The Superman Thread

I just finished the Power Girl Special and I really enjoyed it! Leah Williams brought this leg of Paige’s journey to a satisfying conclusion by forcing her to confront what’s been holding her back. However, between this series and The New Golden Age, I’ve had a lot of confusion regarding Peej’s continuity and which version of PG we’re actually dealing with (Pre-Crisis or New 52). This issue didn’t do much to settle that and even created a new continuity question or two. Let me dive into the story, though:

The two stars of this story are Power Girl and Johnny Sorrow. At one point, Johnny tells Paige that they are “the same.” That’s not exactly accurate, but they do share a similar trauma centered around loss. Paige has lost two worlds: Krypton and Earth-2. In a sense, Johnny has also lost two worlds: The world of film and… Earth-2? This is where the new continuity question arises as Sorrow suggests that he also originated on Earth-2. I don’t believe that was something that had been established in the Pre-Flashpoint JSA comic. It’s not impossible that Johnny did come from the Pre-Crisis Earth-2, but it’s not a claim that I’ve run across before. Now, there was a Johnny Sorrow on the New 52’s Earth-2, but that Sorrow seemed a bit different than this one who is obviously based off the Johnny from Johns’ Pre-Flashpoint JSA comic. Johnny suggesting that he was from an Earth-2 essentially furthers my confusion regarding Power Girl’s continuity and which Earth-2 she’s from, but I think that may just be something that never quite gets resolved. Regardless, if Johnny was from an Earth-2 then he’s correct that they share the trauma of “losing two worlds.”

However, Johnny and Paige are not the same as that trauma affects them in different ways and they go in opposite directions when choosing how to deal with it. For Sorrow, it drives him to feel like he needs to belong. He desperately wants to feel a part of something and to be embraced in the lives of others. Johnny chooses to pursue this goal in a predatory manner. There’s this great moment where Power Girl is flying to the Kent apartment and she stops to reflect on how the body of a grown woman is seen as an open invitation to others. It feels a bit random at first, but the reason she’s having this thought is because Sorrow is “accepting the invitation.” He has seen Paige’s trauma, has noticed her beauty, and decided that she is his. Rather than bonding with her over their shared pain, he’s going to use the hurt inside her to try and manipulate this beautiful woman into being his. This is how Johnny works. He uses his own pain as a way of identifying the vulnerabilities in others and exploiting them for his own ends. He’s an emotional predator. Peej points out that he tried the same thing with Stargirl (a moment that answered one continuity question while, perhaps, creating others).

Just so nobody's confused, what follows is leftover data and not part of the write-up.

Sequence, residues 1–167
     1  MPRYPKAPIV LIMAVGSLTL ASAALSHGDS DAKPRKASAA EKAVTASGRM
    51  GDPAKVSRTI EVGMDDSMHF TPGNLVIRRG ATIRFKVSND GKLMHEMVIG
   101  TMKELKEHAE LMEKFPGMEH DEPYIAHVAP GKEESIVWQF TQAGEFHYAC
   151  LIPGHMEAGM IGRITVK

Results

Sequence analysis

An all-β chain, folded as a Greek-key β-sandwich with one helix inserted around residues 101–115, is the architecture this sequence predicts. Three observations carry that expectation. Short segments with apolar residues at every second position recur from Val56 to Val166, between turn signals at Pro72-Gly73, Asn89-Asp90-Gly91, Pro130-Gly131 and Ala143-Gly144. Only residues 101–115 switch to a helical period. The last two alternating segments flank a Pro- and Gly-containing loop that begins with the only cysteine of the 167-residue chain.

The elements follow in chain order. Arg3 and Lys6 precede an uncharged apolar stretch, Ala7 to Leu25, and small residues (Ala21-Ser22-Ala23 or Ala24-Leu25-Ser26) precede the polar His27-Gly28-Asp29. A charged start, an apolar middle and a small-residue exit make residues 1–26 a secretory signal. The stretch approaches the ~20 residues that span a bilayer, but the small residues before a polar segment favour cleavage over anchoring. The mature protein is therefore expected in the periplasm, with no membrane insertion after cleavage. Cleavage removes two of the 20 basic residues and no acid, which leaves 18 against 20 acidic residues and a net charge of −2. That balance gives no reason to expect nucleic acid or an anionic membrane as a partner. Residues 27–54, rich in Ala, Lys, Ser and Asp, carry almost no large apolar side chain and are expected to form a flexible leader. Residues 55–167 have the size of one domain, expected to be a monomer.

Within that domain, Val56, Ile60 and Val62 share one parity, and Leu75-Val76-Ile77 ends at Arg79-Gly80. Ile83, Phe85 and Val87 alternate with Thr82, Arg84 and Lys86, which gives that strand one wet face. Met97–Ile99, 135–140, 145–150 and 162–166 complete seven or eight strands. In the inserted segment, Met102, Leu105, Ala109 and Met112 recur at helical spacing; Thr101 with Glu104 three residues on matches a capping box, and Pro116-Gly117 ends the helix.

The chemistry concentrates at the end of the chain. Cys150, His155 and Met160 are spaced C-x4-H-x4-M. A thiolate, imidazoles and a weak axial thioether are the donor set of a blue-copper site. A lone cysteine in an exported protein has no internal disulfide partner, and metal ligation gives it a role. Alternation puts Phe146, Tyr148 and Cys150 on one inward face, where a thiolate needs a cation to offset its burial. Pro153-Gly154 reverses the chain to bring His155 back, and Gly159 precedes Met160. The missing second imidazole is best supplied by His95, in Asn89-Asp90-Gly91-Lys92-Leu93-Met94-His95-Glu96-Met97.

In contrast, Power Girl’s pain has caused her to isolate herself from others for fear of suffering that loss again. This has been what’s driving the conflicts she’s had with the “Super Family” throughout the series. This is why she’s been so rude to them and has been pushing them away for seemingly no reason. Paige doesn’t want to get too close to them because she believes herself to be cursed and that if they get too close then she will just lose them like she lost Krypton and Earth-2. I mean, we could kind of see that throughout the series, but this issue confirmed it and drove it home with her memories of Krypton and the “appearance” of Kal-L (more continuity confusion!). However, Paige has a literal and figurative breakthrough when she decides to tear down the emotional wall she’s built to keep others out. This leads her to discover the true strength of her astral-punch ability that allows her to defeat Sorrow’s horsemen and inevitably take him down. Essentially, Power Girl’s decision to let others in and move on from her trauma made her immune to Sorrow’s manipulation and gave her the emotional tools to defeat him.

It was a well-told story of pain, manipulation, and triumph through growth. I’ve been impressed with Leah Williams and her ability to craft these stories. In particular, the Johnny Sorrow “cologne commercial” intro was artfully done and gave early insight into Johnny’s M.O. as he uses this romantic, masculine imagery to explain his ultimate goal. I’m not always sold on Marguerite Sauvage’s artwork as her action sequences can be a tad awkward. However, her art is wonderfully emotive and that does ad to the drama. I was greatly satisfied by this conclusion.

Moving on to the Fire & Ice back-up, it was fun. It was a frame-setting story and was a bit clunky in how it set up its premise. I’m not exactly convinced that one sloppy mission was enough to convince them to move to Smallville, but, hey, it gets them there. I do believe that Supes would suggest it as it seems to be what he always recommends to heroes who need to find themselves. It was fun getting to see Ice interact with Guy and to be reminded of her crush on Superman. I look forward to actually seeing them in Smallville especially since we see L-Ron’s arm poking out the back of their luggage.